This practice evolved over time, from simple huts located far from villages to dedicated delivery or birthing houses.
Social Class and Childbirth
Surprisingly, social class didn't always play a significant role in where a woman gave birth. Historical records show that, at times, wives of government officials might give birth next to the wife of a butcher.
This suggests that, at least during certain periods, social status wasn't a primary factor in determining birthing arrangements.
However, as time passed and socioeconomic status became more pronounced, there were variations in how different families and villages supported or didn't support mothers during childbirth.
These variations highlight the complex nature of the postpartum confinement practice and how they were influenced by cultural, social, and economic factors.
Understanding and Respecting the Traditional and Cultural Significance of Confinement Practice
The deep cultural significance of postpartum confinement practices, of zuo yue zi, must be honoured. These traditions, although evolving, are still prevalent in many Asian families around the world.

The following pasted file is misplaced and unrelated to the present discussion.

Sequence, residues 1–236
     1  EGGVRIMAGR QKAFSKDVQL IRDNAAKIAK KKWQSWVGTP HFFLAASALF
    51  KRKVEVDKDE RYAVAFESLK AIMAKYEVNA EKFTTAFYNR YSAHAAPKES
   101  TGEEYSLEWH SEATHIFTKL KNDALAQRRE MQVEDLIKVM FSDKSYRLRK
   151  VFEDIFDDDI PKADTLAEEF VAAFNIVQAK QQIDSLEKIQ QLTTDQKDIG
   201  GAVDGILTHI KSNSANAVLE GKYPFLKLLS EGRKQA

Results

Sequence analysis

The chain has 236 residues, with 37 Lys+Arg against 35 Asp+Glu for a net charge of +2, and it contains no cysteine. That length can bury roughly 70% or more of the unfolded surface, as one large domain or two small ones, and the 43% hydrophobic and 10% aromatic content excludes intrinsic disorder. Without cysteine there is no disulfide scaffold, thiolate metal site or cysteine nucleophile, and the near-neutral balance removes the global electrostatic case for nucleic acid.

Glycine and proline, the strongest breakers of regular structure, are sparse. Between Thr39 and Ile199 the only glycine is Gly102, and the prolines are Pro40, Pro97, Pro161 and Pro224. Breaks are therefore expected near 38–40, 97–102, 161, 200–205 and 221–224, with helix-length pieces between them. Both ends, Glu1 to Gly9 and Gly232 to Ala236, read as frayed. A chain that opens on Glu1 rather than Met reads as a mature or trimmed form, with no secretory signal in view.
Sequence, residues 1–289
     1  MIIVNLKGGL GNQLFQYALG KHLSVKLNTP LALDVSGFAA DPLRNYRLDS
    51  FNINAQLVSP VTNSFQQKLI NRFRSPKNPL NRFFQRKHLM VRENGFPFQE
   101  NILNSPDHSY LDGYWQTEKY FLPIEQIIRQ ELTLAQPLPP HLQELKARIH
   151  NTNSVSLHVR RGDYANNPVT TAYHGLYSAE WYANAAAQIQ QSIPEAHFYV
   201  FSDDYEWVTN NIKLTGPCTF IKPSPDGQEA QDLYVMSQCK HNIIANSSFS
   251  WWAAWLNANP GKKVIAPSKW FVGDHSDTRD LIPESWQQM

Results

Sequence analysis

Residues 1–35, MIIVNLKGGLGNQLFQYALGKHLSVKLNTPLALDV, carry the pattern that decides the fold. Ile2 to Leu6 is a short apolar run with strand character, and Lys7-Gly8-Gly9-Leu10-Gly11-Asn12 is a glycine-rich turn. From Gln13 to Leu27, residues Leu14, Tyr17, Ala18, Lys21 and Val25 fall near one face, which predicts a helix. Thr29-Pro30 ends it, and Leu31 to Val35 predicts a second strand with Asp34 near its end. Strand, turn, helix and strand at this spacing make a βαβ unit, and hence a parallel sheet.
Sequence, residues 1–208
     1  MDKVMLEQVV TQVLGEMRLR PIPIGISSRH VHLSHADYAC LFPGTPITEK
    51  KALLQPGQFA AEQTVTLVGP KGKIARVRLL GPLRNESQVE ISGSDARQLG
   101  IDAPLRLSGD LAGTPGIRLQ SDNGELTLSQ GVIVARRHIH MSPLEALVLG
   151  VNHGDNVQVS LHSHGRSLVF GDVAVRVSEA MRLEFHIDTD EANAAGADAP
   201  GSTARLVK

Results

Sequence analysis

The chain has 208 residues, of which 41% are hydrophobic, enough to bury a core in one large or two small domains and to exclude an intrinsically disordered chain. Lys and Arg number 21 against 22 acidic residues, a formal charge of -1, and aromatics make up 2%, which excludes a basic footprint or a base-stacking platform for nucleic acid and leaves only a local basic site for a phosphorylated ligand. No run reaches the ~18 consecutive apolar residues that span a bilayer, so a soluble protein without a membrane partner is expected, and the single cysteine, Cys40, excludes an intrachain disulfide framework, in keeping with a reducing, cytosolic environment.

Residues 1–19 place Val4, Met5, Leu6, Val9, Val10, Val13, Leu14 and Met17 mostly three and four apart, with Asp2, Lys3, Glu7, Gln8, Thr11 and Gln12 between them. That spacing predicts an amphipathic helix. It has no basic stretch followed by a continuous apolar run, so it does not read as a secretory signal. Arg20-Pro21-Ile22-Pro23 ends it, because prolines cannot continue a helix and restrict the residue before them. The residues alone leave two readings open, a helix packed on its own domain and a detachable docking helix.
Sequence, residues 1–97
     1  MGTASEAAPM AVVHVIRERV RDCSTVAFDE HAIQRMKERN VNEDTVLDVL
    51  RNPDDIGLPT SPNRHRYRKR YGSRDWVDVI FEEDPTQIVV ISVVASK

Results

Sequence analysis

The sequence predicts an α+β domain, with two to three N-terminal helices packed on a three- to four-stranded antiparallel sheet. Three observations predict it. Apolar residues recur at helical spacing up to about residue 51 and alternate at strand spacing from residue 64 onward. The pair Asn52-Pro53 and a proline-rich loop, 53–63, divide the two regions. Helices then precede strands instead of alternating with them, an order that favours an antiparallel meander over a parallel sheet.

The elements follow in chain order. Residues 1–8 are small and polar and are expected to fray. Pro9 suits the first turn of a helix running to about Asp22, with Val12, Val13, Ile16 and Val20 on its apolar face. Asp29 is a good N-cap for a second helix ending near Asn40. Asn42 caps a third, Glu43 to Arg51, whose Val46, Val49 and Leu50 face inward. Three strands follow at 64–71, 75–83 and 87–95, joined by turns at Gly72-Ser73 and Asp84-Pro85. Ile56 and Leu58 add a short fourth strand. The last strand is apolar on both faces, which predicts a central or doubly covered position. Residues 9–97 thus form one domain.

In East Asia, businesses catering to confinement practices, such as confinement centers and agencies offering confinement nannies, are booming. But their focus and marketing goal is usually for profit and to capitalise on the luxury and pampering aspect of confinement.
But resting after giving birth and following certain confinement practices and taking herbal remedies is not just a luxurious and pampering experience. There are strong Chinese medicine and Asian cultural principles behind the confinement practice.
Modernising the confinement practice and turning it into a business should be done respectfully so that this traditional and cultural practice can continue to be passed down to and be appreciated by future generations.
Final Thoughts on the History of Confinement (Zuo Yue Zi)
As we conclude this journey through the history of postpartum confinement practices, it's clear that cultural traditions are deeply embedded in the way many of us with East Asian heritage approach postpartum care.
While the specific practices may evolve, it's essential to honour the origins of these traditions and the beliefs that have shaped them.
In our next episode, we'll make the case for a modern confinement approach in our 21st century world. We'll explore how these ancient practices can be adapted to meet the needs and challenges of the modern era.
When seeking confinement care or considering the use of herbs and remedies, it's essential to consult with traditional Chinese medicine doctors, pharmacists, or herbalists, and with your modern health provider.
This consultation is especially important if you're taking Western medications, as drug-herb interactions can have consequences.